Nobody Comes Back by Donn Pearce
Donn Pearce, the author of Cool Hand Luke, again revisits the subject of men under tremendous pressure, living and dying according to oppressive circumstances. Now, he brings you another tragic hero, thrust out of the only world he knew and forced to create one on his own terms… or die trying.
Toby Parker was America’s unwanted son. Only 16 years old, he was too young to be enlisted in the army, but old enough to know that he didn’t want to return to the life he knew: moving from new home to new home, neglected by his mother, ignored by his father, overlooked by everyone else.
The war overseas promised exotic locations and adventure, but what it delivered was something else entirely. The Nazis were beginning to fall back, and the war was all but over. But the fighting still raged on in pockets of Europe. Out of the critical focus on France, only one last position needed to hold: the city of Bastogne. Thrown into battle almost immediately upon arrival, he soon found himself wounded and alone, struggling to survive and looked upon to lead. It was here that Toby was to learn what war really was, and what kind of man he was destined to become.
Many American boys went into World War II, and each one lived their own nightmare, critically shaped by what they experienced. Told with gritty authenticity, Donn Pearce captures the very essence of what it means to be caught under the worst circumstances imaginable, while having the strength and humanity to rise above them.
The Far Side of the Sky by Daniel Kalla
November 9, 1938 — Kristallnacht — the Nazis unleash a night of terror for Jews all across Germany. Meanwhile, the Japanese Imperial Army rampages through China and tightens its stranglehold on Shanghai, a city that becomes the last haven for thousands of desperate European Jews.
Dr. Franz Adler, a renowned surgeon, is swept up in the wave of anti-Semitic violence and flees to Shanghai with his daughter. At a refugee hospital, Franz meets an enigmatic nurse, Soon Yi “Sunny” Mah. The chemistry between them is intense and immediate, but Sunny’s life is shattered when a drunken Japanese sailor murders her father.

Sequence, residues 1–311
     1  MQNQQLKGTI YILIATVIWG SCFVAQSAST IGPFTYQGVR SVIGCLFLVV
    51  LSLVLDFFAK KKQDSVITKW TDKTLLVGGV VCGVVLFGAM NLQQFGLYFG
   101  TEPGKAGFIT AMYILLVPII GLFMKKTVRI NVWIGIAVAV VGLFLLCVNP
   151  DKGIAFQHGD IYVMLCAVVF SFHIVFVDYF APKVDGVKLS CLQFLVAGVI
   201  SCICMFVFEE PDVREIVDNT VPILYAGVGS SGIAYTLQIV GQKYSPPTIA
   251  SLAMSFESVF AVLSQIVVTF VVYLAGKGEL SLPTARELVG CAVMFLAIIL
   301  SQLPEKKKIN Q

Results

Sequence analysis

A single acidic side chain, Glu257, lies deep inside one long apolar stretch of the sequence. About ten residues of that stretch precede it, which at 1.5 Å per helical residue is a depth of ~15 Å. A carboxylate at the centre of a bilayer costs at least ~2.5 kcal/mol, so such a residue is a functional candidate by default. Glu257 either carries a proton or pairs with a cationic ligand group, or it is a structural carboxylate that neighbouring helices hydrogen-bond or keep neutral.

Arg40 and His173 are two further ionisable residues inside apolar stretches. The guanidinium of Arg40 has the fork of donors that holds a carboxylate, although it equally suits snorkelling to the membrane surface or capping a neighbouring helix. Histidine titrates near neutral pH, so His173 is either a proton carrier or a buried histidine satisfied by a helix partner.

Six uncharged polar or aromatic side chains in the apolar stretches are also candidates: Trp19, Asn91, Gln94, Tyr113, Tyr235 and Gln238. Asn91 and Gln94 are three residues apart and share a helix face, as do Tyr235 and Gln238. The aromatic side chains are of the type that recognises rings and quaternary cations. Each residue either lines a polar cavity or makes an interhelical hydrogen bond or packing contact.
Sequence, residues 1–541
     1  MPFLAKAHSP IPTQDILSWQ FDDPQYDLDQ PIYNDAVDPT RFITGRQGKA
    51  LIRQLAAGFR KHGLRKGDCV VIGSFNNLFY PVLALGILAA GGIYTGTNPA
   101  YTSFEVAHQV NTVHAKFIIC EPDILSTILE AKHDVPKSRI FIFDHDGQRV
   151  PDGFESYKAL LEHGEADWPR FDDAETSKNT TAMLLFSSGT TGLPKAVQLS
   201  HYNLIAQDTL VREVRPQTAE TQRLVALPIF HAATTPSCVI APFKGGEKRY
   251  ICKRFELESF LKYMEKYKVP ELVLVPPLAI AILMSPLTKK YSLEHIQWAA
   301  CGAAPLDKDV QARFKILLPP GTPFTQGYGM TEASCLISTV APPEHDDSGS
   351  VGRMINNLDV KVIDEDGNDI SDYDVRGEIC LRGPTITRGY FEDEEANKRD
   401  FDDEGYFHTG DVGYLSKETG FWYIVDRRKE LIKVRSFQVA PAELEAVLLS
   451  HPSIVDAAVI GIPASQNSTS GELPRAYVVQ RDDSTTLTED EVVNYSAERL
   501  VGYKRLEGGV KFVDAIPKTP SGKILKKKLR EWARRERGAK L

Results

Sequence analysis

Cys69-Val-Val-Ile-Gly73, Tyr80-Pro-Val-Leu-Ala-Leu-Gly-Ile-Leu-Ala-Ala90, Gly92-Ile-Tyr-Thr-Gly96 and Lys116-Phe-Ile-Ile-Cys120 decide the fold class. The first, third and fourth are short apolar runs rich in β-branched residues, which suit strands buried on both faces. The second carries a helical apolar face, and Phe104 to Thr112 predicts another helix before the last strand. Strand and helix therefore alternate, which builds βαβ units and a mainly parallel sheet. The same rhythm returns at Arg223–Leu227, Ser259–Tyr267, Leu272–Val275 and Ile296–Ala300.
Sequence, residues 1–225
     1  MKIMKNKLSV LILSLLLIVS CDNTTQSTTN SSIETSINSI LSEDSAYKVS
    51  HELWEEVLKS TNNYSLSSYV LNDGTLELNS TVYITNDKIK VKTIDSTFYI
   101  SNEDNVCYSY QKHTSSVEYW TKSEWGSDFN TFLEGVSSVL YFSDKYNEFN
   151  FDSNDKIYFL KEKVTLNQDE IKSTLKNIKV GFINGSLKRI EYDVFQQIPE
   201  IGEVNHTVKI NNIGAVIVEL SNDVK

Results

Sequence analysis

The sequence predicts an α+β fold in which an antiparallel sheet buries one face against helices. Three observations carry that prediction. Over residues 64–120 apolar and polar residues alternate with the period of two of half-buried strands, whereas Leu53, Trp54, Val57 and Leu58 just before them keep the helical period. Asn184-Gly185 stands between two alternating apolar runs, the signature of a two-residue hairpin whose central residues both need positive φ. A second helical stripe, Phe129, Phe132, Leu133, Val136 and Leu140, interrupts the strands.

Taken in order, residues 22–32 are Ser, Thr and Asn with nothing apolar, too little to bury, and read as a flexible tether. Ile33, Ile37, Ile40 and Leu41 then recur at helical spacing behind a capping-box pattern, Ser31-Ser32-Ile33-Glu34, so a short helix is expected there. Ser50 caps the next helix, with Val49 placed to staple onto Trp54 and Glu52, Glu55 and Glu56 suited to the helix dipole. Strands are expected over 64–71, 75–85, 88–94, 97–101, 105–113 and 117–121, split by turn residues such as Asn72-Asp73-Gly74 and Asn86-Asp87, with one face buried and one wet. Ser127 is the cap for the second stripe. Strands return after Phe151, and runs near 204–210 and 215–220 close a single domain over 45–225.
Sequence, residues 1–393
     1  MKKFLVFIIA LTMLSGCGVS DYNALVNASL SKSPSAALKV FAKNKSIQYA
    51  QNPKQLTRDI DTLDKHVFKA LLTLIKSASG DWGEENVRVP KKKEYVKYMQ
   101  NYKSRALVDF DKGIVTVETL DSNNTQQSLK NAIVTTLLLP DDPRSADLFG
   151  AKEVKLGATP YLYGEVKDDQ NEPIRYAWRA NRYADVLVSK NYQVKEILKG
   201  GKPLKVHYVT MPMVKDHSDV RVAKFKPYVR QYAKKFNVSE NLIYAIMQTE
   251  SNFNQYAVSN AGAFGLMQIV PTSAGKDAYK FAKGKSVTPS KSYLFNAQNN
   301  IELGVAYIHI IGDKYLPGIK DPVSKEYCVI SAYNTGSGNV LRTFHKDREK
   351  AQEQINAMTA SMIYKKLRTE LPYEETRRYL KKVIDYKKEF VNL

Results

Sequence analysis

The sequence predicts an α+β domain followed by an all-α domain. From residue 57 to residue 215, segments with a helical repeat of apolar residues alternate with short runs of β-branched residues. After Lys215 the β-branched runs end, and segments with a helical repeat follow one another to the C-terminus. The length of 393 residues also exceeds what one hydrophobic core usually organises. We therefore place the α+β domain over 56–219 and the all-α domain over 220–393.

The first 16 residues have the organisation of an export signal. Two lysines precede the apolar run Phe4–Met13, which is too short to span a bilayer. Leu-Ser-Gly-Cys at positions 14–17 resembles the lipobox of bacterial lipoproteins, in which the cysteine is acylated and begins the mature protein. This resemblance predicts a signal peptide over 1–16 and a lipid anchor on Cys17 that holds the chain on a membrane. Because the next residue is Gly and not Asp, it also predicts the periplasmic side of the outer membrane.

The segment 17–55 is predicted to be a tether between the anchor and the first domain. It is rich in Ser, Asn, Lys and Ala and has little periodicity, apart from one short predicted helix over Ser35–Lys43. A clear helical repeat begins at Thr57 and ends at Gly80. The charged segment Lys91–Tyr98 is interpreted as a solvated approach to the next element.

The danger escalates for Shanghai’s Jews as the Japanese attack Pearl Harbor. Facing starvation and disease, Franz struggles to keep the refugee hospital open and protect his family from a terrible fate.
The Far Side of the Sky focuses on a short but extraordinary period of Chinese, Japanese, and Jewish history when cultures converged and heroic sacrifices were part of the everyday quest for survival.
Turbulence by Giles Foden
The D-day landings — the fate of 2.5 million men, three thousand landing craft and the entire future of Europe depend on the right weather conditions on the English Channel on a single day. A team of Allied scientists is charged with agreeing on an accurate forecast five days in advance. But is it even possible to predict the weather so far ahead? And what is the relationship between predictability and turbulence, one of the last great mysteries of modern physics?
Wallace Ryman has devised a system that comprehends all of this — but he is a reclusive pacifist who stubbornly refuses to divulge his secrets. Henry Meadows, a young math prodigy from the Met Office, is sent to Scotland to uncover Ryman’s system and apply it to the Normandy landings. But turbulence proves more elusive than anyone could have imagined. When Henry meets Gill, Ryman’s beautiful wife, events, like the weather, begin to spiral out of control.
From Giles Foden, prizewinning author of The Last King of Scotland, a gripping blend of fact and fiction in a novel about how human beings deal with uncertainty.
Bomber by Len Deighton
The classic novel of the Second World War that relates in devastating detail the 24-hour story of an allied bombing raid.
Bomber is a novel war. There are no victors, no vanquished. There are simply those who remain alive, and those who die.
Bomber follows the progress of an Allied air raid through a period of twenty-four hours in the summer of 1943. It portrays all the participants in a terrifying drama, both in the air and on the ground, in Britain and in Germany.
In its documentary style, it is unique. In its emotional power it is overwhelming.
Len Deighton has been equally acclaimed as a novelist and as an historian. In Bomber he has combined both talents to produce a masterpiece.